Tour de France cyclists

Part 3: Steering towards a brighter future

By Marina Svistak 8 July 2014

As the Tour leaves England for France, Marina explains how bike charities work with the hardest to reach in our communities to help steer them towards a promising future.

In the early editions of the Tour de France, riders had to do their own mechanical repairs. Eugène Christophe—on course to win the Tour de France in 1913—was forced to visit a local forge when his front fork snapped in two. As well as losing time, he was further fined because a 7-year-old boy helped push the bellows.

Today it’s a very different environment. Riders can rely on a team of coaches, mechanics and physios who ensure everything is done to maximise their performance on the road, keeping bad luck to a minimum. For the rest of us, our cities and towns are well-stocked with cycling repair and maintenance shops so help is always at hand.

But not every bike shop is quite as ordinary as it looks.

A couple of months ago I visited one near Whitechapel. On first appearances, it seemed like any other: orderly and clean, the smell of fresh rubber hung in the air and a bundle of repaired bikes stood awaiting their collection. But it’s the people who work and train there who make this shop special.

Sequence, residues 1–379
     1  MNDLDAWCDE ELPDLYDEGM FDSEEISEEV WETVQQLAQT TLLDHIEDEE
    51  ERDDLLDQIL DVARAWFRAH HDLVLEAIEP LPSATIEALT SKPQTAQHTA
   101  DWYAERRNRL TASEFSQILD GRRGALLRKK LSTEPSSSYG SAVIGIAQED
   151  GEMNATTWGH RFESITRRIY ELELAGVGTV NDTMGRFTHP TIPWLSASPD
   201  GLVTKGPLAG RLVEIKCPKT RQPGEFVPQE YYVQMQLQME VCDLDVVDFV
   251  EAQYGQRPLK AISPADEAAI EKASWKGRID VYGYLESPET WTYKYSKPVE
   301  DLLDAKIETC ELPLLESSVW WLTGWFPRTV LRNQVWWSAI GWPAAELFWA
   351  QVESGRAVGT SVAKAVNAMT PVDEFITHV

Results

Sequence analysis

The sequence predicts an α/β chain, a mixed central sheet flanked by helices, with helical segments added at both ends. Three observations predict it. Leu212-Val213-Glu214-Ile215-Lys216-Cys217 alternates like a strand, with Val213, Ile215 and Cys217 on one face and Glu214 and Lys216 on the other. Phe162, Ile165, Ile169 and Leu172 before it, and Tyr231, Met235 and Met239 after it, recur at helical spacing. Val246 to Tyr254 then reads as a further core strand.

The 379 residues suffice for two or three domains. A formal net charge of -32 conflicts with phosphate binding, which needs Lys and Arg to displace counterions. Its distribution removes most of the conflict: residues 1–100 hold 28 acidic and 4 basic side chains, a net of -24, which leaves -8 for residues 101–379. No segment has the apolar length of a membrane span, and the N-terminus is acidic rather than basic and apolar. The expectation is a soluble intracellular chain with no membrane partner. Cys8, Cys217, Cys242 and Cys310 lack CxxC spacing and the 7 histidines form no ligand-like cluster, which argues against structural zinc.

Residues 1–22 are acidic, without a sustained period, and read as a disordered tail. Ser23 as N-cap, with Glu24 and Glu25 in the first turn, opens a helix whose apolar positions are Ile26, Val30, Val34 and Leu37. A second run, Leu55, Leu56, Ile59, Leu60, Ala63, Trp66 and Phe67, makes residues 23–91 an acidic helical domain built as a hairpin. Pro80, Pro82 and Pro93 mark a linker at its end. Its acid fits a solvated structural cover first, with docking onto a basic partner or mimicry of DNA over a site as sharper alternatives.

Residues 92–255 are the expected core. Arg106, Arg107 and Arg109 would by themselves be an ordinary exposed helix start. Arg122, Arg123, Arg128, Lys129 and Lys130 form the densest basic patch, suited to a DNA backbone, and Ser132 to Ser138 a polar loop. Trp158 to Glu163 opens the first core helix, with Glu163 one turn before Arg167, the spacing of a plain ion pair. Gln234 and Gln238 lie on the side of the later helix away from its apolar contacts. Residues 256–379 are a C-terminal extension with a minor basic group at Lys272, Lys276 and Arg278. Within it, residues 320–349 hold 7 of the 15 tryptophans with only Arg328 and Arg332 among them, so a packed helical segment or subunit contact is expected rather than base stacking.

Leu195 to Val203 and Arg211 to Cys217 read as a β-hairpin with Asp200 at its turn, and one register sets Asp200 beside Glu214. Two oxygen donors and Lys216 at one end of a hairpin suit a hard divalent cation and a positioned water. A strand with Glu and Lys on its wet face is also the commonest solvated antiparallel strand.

Bikeworks is a social enterprise that uses bike as tools to create social change at a community level. It engages people with physical and learning disabilities in cycling, and provides training to get homeless people, ex-offenders, long-term unemployed, and NEETs (not in education, employed or training) back into employment, equipping them with mechanical and customer service-based skills. Unemployment affects people of all backgrounds, but there are a number of factors that increase the likelihood of unemployment, including low educational attainment, disability, offending and homelessness.

Bikeworks runs three retail shops, three training centres and two disability clubs. The business generates 80% of the revenue  and the remainder comes from sponsorship deals. Local authority contracts are secured to provide cycling training. It is now in the midst of securing a disability centre of excellence in the Olympic Park and seeking further expansion.

In this series of three blogs, we have reflected on the part played by local charities in improving cycling infrastructure and raising the confidence of cyclists; on our booming cycling culture and its inclusivity; and finally, how cycling can be used to engage different groups within our communities.

A passion for cycling unites all of the charities we’ve mentioned; and yet what every example demonstrates is the variety of social and economic benefits that cycling charities can bring.